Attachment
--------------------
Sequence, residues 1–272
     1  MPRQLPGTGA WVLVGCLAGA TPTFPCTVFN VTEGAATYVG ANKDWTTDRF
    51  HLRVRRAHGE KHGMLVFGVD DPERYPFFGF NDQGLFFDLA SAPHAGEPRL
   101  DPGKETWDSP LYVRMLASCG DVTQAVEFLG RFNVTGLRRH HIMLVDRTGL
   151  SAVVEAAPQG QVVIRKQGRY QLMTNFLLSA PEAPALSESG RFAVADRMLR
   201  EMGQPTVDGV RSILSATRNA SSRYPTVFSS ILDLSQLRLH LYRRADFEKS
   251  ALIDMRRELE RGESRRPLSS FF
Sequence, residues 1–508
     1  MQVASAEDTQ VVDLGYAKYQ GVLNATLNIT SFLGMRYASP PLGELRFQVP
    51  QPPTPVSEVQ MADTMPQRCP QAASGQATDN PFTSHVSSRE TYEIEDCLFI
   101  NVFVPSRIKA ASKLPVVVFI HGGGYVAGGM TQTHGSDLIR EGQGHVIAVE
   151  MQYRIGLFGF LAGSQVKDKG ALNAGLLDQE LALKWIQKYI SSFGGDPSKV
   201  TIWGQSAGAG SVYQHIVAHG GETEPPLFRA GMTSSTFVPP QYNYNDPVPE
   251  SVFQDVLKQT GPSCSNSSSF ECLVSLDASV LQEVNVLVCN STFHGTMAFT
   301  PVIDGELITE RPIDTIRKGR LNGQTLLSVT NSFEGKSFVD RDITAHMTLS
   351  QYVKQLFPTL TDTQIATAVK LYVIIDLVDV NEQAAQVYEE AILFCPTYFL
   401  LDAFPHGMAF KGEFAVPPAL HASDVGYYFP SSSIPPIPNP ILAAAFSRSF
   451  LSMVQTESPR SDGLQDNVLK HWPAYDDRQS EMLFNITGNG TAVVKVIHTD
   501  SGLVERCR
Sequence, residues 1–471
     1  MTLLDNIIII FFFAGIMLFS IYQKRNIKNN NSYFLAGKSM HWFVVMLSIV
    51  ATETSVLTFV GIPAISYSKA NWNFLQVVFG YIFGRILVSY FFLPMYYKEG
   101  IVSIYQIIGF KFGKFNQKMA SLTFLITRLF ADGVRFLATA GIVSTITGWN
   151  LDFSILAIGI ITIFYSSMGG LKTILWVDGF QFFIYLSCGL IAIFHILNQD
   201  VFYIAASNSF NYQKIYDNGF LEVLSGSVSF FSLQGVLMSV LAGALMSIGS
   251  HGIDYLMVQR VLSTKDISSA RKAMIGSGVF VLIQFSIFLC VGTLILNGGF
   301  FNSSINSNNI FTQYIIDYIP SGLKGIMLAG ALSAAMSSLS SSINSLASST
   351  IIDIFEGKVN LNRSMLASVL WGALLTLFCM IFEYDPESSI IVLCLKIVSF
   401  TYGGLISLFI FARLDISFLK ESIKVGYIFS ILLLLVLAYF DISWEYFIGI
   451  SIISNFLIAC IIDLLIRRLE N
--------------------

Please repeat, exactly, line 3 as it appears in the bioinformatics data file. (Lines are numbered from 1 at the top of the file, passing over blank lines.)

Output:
    51  HLRVRRAHGE KHGMLVFGVD DPERYPFFGF NDQGLFFDLA SAPHAGEPRL